Millennials’ income gains stall across economies, but the UK stands out for its housing ‘boom and bust’

Credit: Ian Johnston

The 20th century growth story that has seen each generation enjoy higher incomes than the one before them has ground to a halt in nearly all advanced economies in the 21st century.

However, the UK stands out for having experienced a ‘boom and bust’ cycle where strong income and housing gains for post-war generations have failed to materialise for millennials. This is according to a report published recently by the Resolution Foundation.

The report looks at household living standard changes for different generations across eight high-income countries. It finds that the global financial crisis has had a profound effect in halting generational income progress. Across the countries featured in the report, millennials in their early 30s have household incomes 4 per cent lower than members of Generation X at the same age. In comparison, the incomes of Generation X in their early 30s were 30 per cent higher than the baby boomer generation before them.

However, while this overall story of stalled progress is common throughout advanced countries, the report also highlights a number of UK-specific challenges.

The UK stands out as having previously enjoyed a long ‘boom’ in generation-on-generation progress on household incomes that has since gone ‘bust’ for millennials. When in their early 30s, generation X (born 1966-80) were 54 per cent better off than the baby boomers (1946-65) were at the same age, this pace of growth hasn’t materialised for millennials (1980-2000); the incomes of those in this generation who’ve already reached their early 30s are just 6 per cent higher than generation X’s at the same age.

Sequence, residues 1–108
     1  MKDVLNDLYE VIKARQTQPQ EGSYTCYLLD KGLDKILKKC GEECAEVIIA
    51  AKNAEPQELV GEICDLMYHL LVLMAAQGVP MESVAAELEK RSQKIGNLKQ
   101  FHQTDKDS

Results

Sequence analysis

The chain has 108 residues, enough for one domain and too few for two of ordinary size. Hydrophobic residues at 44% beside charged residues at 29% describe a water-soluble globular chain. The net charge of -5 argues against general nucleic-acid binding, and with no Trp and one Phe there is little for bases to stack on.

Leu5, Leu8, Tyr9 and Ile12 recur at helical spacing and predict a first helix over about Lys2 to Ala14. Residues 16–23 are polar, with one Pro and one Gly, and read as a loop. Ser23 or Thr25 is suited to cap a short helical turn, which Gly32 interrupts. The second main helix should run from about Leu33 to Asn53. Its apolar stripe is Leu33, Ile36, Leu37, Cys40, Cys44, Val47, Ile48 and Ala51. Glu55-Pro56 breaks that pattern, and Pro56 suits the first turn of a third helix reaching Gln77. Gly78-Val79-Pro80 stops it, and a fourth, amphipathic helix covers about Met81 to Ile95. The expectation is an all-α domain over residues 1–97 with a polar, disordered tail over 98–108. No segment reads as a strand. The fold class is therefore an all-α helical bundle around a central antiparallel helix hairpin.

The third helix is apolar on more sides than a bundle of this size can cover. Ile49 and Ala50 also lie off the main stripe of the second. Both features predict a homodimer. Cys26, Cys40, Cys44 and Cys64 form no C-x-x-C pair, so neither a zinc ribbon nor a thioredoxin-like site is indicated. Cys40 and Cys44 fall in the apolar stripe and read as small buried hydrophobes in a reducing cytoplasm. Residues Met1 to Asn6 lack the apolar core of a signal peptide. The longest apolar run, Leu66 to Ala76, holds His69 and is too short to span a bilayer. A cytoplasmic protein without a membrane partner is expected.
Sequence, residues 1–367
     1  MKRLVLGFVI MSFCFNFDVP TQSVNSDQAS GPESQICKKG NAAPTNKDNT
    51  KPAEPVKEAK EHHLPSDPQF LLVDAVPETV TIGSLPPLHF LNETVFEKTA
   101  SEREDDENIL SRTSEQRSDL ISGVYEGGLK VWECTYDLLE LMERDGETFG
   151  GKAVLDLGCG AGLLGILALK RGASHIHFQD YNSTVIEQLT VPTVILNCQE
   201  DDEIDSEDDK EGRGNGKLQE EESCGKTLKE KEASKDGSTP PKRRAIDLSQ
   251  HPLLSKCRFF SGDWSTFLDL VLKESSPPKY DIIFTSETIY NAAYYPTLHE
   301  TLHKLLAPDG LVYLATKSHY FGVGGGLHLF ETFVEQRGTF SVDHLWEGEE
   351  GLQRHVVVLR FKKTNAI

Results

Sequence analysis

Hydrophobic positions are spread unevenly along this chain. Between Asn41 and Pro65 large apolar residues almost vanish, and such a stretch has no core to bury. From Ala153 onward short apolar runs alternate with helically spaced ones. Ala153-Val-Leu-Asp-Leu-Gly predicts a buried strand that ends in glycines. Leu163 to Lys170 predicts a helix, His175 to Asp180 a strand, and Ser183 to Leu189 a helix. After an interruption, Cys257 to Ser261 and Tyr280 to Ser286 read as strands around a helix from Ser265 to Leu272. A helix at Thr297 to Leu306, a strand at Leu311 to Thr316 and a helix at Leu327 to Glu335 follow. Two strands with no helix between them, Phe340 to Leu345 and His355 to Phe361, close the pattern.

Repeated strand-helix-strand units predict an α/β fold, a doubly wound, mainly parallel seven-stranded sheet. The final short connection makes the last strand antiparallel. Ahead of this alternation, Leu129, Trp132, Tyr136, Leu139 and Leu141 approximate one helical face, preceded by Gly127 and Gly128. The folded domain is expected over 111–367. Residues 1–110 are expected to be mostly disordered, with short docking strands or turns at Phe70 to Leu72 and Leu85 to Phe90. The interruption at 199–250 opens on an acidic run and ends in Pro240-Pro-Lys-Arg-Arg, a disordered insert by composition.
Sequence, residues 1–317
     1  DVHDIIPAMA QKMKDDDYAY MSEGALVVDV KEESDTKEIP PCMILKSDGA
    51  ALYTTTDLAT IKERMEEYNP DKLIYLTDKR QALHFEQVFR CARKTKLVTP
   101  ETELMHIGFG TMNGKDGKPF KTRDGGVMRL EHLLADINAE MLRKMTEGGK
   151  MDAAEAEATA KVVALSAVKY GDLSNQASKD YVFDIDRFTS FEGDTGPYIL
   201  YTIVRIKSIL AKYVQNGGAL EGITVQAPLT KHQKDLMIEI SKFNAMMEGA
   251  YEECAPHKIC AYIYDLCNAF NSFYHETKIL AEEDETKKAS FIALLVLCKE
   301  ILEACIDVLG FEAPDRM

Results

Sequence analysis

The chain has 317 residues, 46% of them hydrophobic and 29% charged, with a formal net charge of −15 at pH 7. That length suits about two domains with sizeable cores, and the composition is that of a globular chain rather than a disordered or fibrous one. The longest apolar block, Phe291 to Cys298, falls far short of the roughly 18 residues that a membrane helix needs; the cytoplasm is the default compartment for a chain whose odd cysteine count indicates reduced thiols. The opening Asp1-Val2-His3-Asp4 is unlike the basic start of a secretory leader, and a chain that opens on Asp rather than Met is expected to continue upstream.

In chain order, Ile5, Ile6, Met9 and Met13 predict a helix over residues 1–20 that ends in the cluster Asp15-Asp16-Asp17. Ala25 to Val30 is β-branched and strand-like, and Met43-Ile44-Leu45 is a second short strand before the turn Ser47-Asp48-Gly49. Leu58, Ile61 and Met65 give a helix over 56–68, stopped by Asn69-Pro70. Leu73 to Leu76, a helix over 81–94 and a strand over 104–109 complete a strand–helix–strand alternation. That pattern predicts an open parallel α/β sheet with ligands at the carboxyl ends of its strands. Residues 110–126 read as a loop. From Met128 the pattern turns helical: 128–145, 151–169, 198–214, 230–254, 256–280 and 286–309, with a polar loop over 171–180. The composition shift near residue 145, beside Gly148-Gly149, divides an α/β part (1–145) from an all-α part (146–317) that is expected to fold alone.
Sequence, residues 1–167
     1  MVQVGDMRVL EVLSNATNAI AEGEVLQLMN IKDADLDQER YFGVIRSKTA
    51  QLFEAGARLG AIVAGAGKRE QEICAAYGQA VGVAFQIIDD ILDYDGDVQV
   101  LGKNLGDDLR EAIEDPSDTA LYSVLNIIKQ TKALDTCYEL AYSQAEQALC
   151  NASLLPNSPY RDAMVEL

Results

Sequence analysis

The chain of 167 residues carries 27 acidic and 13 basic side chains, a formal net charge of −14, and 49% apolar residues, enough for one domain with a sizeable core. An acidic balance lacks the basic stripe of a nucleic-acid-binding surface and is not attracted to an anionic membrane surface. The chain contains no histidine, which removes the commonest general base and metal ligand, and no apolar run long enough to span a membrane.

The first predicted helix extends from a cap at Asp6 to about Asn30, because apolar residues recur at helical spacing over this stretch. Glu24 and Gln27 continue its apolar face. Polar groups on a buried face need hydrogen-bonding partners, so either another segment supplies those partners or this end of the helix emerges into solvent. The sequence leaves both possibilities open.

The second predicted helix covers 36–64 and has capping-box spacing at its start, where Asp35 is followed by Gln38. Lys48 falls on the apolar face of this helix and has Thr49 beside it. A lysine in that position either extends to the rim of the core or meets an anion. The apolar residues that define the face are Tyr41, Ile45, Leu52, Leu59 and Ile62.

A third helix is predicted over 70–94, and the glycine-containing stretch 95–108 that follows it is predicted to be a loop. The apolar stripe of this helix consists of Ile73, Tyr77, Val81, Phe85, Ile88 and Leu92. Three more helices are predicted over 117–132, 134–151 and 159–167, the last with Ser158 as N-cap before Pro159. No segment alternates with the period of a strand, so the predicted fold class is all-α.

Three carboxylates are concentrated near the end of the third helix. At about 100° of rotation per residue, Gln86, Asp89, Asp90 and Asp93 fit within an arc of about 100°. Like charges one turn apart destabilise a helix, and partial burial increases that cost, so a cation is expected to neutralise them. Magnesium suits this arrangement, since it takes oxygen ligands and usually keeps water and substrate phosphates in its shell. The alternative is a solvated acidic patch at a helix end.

The UK also stands out for combining a sharp slowdown in income progress with a major generational reversal on housing. Home ownership rates, compared at ages 45-49, surged by 29 percentage points between the greatest generation (born 1911-25) and the baby boomers.

This generation-on-generation progress has been all but wiped out for millennials whose home ownership rate in their late 20s, at 33 per cent, is half that for the baby boomers at the same age (60 per cent).

The study also found a generational pay divide in Britain. UK millennials have paid for the financial crisis through their pay packets, rather than with their jobs. The scale of the pay squeeze for those aged under 30 is a 13 per cent fall in real terms. The UK pay squeeze for the under 30s was twice as big as the squeeze faced by those in their 50s – a bigger age divide than in any other country.

Daniel Tomlinson, Policy Analyst at the Resolution Foundation, said: “It’s no secret that the financial crisis hit the vast majority of advanced economies hard, holding back millennial income progress in counties around the world.

“But only Spain echoes the UK experience – a ‘boom and bust’ income cycle where significant generation-on-generation gains for older generations have come to a stop for younger people. The UK also stands out for combining this lack of income progress with major declines in home ownership for today’s millennials.

“Britain may have avoided the shocking levels of youth unemployment seen in Southern Europe, but it’s still a long way off providing the progress for young families that they and their parents had come to expect.”